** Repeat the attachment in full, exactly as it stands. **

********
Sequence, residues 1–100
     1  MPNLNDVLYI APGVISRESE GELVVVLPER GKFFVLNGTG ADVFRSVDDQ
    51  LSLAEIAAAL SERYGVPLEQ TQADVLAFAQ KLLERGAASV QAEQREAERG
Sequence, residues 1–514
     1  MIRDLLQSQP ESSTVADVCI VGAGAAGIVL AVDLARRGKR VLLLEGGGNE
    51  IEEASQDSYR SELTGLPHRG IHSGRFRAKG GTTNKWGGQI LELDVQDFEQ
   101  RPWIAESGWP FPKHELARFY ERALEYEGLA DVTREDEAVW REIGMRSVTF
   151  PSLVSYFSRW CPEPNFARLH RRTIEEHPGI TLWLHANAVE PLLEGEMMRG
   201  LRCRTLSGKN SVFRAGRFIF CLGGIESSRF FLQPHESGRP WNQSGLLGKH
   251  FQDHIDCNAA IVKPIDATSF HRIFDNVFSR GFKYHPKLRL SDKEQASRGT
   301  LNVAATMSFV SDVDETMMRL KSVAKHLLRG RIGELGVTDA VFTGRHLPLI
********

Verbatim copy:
Sequence, residues 1–100
     1  MPNLNDVLYI APGVISRESE GELVVVLPER GKFFVLNGTG ADVFRSVDDQ
    51  LSLAEIAAAL SERYGVPLEQ TQADVLAFAQ KLLERGAASV QAEQREAERG
Sequence, residues 1–514
     1  MIRDLLQSQP ESSTVADVCI VGAGAAGIVL AVDLARRGKR VLLLEGGGNE
    51  IEEASQDSYR SELTGLPHRG IHSGRFRAKG GTTNKWGGQI LELDVQDFEQ
   101  RPWIAESGWP FPKHELARFY ERALEYEGLA DVTREDEAVW REIGMRSVTF
   151  PSLVSYFSRW CPEPNFARLH RRTIEEHPGI TLWLHANAVE PLLEGEMMRG
   201  LRCRTLSGKN SVFRAGRFIF CLGGIESSRF FLQPHESGRP WNQSGLLGKH
   251  FQDHIDCNAA IVKPIDATSF HRIFDNVFSR GFKYHPKLRL SDKEQASRGT
   301  LNVAATMSFV SDVDETMMRL KSVAKHLLRG RIGELGVTDA VFTGRHLPLI